The Strongest Advanced Materials In The World
Making Stuff Stronger
What is the strongest material in the world? Is it steel, Kevlar, carbon nanotubes, or something entirely new? NOVA kicks off the four-part series "Making Stuff" with a quest for the world's strongest substances. Host David Pogue takes a look at what defines strength, examining everything from steel cables to mollusk shells to a toucan's beak. Pogue travels from the deck of a U.S. naval aircraft carrier to a demolition derby to the country's top research labs to check in with experts who are re-engineering what nature has given us to create the next generation of strong stuff.
Limpet teeth has displaced spider silk as the strongest natural material in the world, according to new research from the University of Portsmouth.
A few years ago, when the surprising strength of spider silk was discovered, it was widely reported that its 4 GPa score is equivalent to that of steel. ( SCIENCE DOCUMENTARY )
Some scientists took issue with this characterisation following a move to breed 'spider goats' that could produce milk with extra protein that could be converted into the super strong silk.
Man-made materials are predictably better at withstanding pressure, with graphene-based nanoplateletes among the several chemical concoctions reporting GPa well into double figures. [ BBC documentary ]
But those sea snail teeth is the strongest natural substance around, incredibly durable even in comparison to manufactured materials, and may yet be used in the development of material for high-performance engineering applications like Formula 1 cars, and aircraft structures.
That strength, however, could be hard to comprehend, with Professor Asa Barber, ( Documentary Films Full Length ) who led the study, rather confusingly likening the feat to a piece of spaghetti enduring the force of 3000 bags of sugar.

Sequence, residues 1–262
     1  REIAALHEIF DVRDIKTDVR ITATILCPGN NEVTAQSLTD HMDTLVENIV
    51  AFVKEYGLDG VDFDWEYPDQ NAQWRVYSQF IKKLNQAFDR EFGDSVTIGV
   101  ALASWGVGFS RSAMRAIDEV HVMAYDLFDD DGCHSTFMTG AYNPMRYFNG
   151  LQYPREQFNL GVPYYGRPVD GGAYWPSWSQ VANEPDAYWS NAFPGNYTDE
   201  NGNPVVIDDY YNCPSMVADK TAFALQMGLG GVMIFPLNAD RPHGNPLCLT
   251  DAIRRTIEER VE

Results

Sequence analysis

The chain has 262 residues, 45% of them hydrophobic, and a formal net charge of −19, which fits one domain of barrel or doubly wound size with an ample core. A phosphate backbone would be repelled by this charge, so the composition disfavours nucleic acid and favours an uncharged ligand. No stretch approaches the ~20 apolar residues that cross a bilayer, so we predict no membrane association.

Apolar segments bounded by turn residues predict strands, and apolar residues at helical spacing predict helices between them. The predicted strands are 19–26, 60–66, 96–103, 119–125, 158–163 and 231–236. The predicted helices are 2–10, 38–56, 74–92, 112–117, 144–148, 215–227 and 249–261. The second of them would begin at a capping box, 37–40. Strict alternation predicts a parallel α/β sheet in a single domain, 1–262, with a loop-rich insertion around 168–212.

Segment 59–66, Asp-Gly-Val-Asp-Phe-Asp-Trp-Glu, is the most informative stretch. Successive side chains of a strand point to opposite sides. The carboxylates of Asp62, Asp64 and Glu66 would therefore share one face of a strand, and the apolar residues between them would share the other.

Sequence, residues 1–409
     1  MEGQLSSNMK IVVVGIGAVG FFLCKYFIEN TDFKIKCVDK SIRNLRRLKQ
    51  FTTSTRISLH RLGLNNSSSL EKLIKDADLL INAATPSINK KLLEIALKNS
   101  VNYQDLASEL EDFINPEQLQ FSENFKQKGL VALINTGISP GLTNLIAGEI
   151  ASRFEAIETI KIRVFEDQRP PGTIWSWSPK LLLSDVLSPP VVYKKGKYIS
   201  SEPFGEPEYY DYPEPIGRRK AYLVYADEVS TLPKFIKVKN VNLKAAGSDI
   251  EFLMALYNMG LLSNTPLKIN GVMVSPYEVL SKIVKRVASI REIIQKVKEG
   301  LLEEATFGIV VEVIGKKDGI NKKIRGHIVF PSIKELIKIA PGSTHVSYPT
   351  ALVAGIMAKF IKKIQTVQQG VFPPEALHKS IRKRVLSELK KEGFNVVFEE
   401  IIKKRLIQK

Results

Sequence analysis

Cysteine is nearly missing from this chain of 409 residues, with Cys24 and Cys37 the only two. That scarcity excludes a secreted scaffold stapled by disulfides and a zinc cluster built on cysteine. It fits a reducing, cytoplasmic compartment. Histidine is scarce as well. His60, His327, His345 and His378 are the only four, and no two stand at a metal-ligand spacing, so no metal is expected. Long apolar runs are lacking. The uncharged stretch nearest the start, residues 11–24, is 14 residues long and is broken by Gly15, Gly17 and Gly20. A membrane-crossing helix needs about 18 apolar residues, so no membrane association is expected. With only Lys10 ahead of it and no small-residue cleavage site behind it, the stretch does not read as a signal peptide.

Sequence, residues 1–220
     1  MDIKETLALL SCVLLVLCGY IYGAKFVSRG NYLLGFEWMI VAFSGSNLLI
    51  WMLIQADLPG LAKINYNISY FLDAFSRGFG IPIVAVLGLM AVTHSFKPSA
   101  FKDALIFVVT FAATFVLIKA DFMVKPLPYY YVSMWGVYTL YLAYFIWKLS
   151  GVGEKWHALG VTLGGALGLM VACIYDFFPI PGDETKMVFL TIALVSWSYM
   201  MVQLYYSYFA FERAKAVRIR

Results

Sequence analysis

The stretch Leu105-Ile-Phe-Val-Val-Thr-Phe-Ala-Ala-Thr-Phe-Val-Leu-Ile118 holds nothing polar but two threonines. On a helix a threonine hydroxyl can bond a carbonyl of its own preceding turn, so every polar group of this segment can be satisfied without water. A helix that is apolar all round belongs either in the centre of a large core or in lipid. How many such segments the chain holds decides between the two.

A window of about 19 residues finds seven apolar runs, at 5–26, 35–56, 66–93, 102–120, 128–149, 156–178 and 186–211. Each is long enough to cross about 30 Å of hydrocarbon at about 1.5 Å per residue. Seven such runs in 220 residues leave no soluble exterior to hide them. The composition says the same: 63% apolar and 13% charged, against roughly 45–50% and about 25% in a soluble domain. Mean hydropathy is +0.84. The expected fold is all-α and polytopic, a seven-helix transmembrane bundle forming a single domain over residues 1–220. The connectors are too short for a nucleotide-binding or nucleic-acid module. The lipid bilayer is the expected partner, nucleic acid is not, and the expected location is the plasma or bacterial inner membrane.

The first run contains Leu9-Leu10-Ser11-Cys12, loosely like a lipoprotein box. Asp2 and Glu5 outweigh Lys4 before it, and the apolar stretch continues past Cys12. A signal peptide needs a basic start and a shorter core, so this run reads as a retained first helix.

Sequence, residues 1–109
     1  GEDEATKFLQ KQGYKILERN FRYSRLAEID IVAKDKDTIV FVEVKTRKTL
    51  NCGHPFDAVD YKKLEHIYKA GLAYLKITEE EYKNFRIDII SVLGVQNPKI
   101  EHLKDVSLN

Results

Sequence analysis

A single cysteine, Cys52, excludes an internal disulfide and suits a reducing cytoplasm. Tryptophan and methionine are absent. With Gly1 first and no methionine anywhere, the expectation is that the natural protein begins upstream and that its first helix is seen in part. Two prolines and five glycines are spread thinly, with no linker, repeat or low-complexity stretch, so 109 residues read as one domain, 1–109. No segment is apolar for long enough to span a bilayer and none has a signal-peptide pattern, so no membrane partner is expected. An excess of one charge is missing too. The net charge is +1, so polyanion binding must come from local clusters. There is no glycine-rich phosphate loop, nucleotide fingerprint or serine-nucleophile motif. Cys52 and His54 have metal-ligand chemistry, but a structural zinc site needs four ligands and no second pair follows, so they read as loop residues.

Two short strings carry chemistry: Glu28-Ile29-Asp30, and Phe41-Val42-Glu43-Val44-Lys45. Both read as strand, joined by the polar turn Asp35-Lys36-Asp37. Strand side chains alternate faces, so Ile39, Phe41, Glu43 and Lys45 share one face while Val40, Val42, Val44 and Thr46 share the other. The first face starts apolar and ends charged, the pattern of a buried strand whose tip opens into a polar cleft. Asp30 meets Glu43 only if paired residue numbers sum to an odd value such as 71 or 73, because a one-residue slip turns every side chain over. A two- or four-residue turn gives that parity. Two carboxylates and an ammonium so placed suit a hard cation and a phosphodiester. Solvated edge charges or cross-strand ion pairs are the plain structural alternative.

Scientists don't actually use bags of sugar to test ultimate-tensile-strength; what they normally do is take a specifically sized sample of the material and try to pull it apart using something called a tensometer which increases the force until the thing breaks.
Barber and his cohorts used a new technique: an atomic force microscopy that pulled apart the tooth material all the way down to the level of the atom — the sample used was 100 times thinner than the breadth of a human hair. [ Documentaries BBC ]
The ability to withstand that pressure is measured in gigapascals (GPa).
The mineral-protein composite of which the limpet teeth are made has a GPa of 4.9.
To put that in perspective, it's almost five times as strong as bamboo, and ten times as strong as human teeth.
Limpets, which are essentially very small sea snails, have 1mm teeth made of "an almost ideal" mix of protein supported by fine mineral nanofibers called goethite, according to Barber. BBC Science Nature Documentary